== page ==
The impression returned upon my encounter with her in the street; a guarded frankness with which she gave me her hand, showed, I thought, her good education and her good sense; and as I led her on, I felt a pleasurable ductility about her, which spread a calmness over all my spirits -
- Good God! how a man might lead such a creature as this round the world with him! -
I had not yet seen her face—'twas not material: for the drawing was instantly set about, and long before we had got to the door of the Remise, Fancy had finished the whole head, and pleased herself as much with its fitting her goddess, as if she had dived into the Tiber for it;—but thou art a seduced, and a seducing slut; and albeit thou cheatest us seven times a day with thy pictures and images, yet with so many charms dost thou do it, and thou deckest out thy pictures in the shapes of so many angels of light, 'tis a shame to break with thee.
When we had got to the door of the Remise, she withdrew her hand from across her forehead, and let me see the original: —it was a face of about six-and-twenty,—of a clear transparent brown, simply set off without rouge or powder;—it was not critically handsome, but there was that in it, which, in the frame of mind I was in, attached me much more to it,—it was interesting: I fancied it wore the characters of a widow'd look, and in that state of its declension, which had passed the two first paroxysms of sorrow, and was quietly beginning to reconcile itself to its loss;—but a thousand other distresses might have traced the same lines; I wish'd to know what they had been—and was ready to inquire, (had the same bon ton of conversation permitted, as in the days of Esdras)—"What ailelh thee? and why art thou disquieted? and why is thy understanding troubled?"—In a word, I felt benevolence for her; and resolv'd some way or other to throw in my mite of courtesy,—if not of service.
Such were my temptations;—and in this disposition to give way to them, was I left alone with the lady with her hand in mine, and with our faces both turned closer to the door of the Remise than what was absolutely necessary.
THE REMISE DOOR. CALAIS.
This certainly, fair lady, said I, raising her hand up little lightly as I began, must be one of Fortune's whimsical doings; to take two utter strangers by their hands,—of different sexes, and perhaps from different corners of the globe, and in one moment place them together in such a cordial situation as Friendship herself could scarce have achieved for them, had she projected it for a month.
- And your reflection upon it shows how much, Monsieur, she has embarrassed you by the adventure -
When the situation is what we would wish, nothing is so ill-timed as to hint at the circumstances which make it so: you thank Fortune, continued she—you had reason—the heart knew it, and was satisfied; and who but an English philosopher would have sent notice of it to the brain to reverse the judgment?
In saying this, she disengaged her hand with a look which I thought a sufficient commentary upon the text.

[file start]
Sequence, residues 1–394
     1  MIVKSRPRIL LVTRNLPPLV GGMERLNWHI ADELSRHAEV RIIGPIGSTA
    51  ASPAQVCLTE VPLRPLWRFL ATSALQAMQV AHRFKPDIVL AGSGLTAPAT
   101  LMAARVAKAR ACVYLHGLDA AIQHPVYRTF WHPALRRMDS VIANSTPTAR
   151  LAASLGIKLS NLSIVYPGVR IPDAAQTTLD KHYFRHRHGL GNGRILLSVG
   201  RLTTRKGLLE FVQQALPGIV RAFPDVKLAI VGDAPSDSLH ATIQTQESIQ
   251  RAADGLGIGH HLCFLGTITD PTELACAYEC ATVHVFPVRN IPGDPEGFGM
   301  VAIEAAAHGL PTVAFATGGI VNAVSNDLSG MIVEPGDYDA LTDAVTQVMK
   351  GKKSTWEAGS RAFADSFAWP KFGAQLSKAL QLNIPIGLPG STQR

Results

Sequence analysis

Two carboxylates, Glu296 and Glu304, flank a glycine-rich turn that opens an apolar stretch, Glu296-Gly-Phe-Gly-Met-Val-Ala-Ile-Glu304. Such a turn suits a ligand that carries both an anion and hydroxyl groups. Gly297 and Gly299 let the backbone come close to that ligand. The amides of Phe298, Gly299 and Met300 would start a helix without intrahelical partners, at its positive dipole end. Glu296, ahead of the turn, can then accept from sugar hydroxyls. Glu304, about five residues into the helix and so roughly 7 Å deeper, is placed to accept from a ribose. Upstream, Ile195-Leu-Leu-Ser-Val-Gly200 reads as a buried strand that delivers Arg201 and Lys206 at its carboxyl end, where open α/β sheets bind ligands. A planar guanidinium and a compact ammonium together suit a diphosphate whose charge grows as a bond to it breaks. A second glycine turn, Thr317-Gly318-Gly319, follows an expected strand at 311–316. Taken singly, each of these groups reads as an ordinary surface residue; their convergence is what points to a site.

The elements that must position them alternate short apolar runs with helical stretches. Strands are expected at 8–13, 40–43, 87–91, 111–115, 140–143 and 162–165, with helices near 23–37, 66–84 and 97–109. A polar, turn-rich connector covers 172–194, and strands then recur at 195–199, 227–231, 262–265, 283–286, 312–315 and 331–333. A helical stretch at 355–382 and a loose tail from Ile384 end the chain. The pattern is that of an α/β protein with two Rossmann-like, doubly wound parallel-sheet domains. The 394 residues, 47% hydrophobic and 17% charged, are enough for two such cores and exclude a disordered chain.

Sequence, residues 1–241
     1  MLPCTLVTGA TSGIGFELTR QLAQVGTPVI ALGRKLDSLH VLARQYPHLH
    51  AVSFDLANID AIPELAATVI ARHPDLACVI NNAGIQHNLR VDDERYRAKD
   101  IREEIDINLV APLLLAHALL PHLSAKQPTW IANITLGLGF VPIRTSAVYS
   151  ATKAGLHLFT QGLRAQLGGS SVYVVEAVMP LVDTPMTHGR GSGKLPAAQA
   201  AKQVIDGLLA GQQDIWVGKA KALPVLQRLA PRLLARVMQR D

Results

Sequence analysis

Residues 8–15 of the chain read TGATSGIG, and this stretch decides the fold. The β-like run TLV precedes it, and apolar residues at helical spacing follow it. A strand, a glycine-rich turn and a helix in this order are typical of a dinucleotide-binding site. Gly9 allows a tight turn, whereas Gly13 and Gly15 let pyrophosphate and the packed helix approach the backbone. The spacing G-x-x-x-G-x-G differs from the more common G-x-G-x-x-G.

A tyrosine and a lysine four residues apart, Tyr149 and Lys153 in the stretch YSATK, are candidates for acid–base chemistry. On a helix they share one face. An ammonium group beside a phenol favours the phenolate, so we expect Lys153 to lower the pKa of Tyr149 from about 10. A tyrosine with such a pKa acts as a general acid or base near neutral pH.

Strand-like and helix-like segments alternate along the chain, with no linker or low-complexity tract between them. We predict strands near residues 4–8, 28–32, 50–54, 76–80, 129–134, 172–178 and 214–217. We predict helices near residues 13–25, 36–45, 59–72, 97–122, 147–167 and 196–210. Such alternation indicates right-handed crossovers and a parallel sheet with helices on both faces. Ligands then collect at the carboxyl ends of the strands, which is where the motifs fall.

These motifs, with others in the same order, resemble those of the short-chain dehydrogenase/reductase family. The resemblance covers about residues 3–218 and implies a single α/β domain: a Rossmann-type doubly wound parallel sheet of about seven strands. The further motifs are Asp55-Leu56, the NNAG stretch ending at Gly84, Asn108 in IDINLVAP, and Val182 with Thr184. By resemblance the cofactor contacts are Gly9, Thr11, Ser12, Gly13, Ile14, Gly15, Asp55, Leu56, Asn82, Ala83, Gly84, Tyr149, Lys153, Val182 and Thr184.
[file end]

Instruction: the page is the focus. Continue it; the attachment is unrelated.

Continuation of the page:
It is a miserable picture which I am going to give of the weakness of my heart, by owning, that it suffered a pain, which worthier occasions could not have inflicted.—I was mortified with the loss of her hand, and the manner in which I had lost it carried neither oil nor wine to the wound: I never felt the pain of a sheepish inferiority so miserably in my life.
The triumphs of a true feminine heart are short upon these discomfitures. In a very few seconds she laid her hand upon the cuff of my coat, in order to finish her reply; so, some way or other, God knows how, I regained my situation.
- She had nothing to add.
I forthwith began to model a different conversation for the lady, thinking from the spirit as well as moral of this, that I had been mistaken in her character; but upon turning her face towards me, the spirit which had animated the reply was fled,—the muscles relaxed, and I beheld the same unprotected look of distress which first won me to her interest: —melancholy! to see such sprightliness the prey of sorrow,—I pitied her from my soul; and though it may seem ridiculous enough to a torpid heart,—I could have taken her into my arms, and cherished her, though it was in the open street, without brushing.
The pulsations of the arteries along my fingers pressing across hers, told her what was passing within me: she looked down—a silence of some moments followed.
I fear in this interval, I must have made some slight efforts towards a closer compression of her hand, from a subtle sensation I felt in the palm of my own,—not as if she was going to withdraw hers—but as if she thought about it;—and I had infallibly lost it a second time, had not instinct more than reason directed me to the last resource in these dangers,—to hold it loosely, and in a manner as if I was every moment going to release it, of myself; so she let it continue, till Monsieur Dessein returned with the key; and in the mean time I set myself to consider how I should undo the ill impressions which the poor monk's story, in case he had told it her, must have planted in her breast against me.
THE SNUFF BOX. CALAIS.
The good old monk was within six paces of us, as the idea of him crossed my mind; and was advancing towards us a little out of the line, as if uncertain whether he should break in upon us or no.—He stopp'd, however, as soon as he came up to us, with a world of frankness: and having a horn snuff box in his hand, he presented it open to me.—You shall taste mine—said I, pulling out my box (which was a small tortoise one) and putting it into his hand.— 'Tis most excellent, said the monk. Then do me the favour, I replied, to accept of the box and all, and when you take a pinch out of it, sometimes recollect it was the peace offering of a man who once used you unkindly, but not from his heart.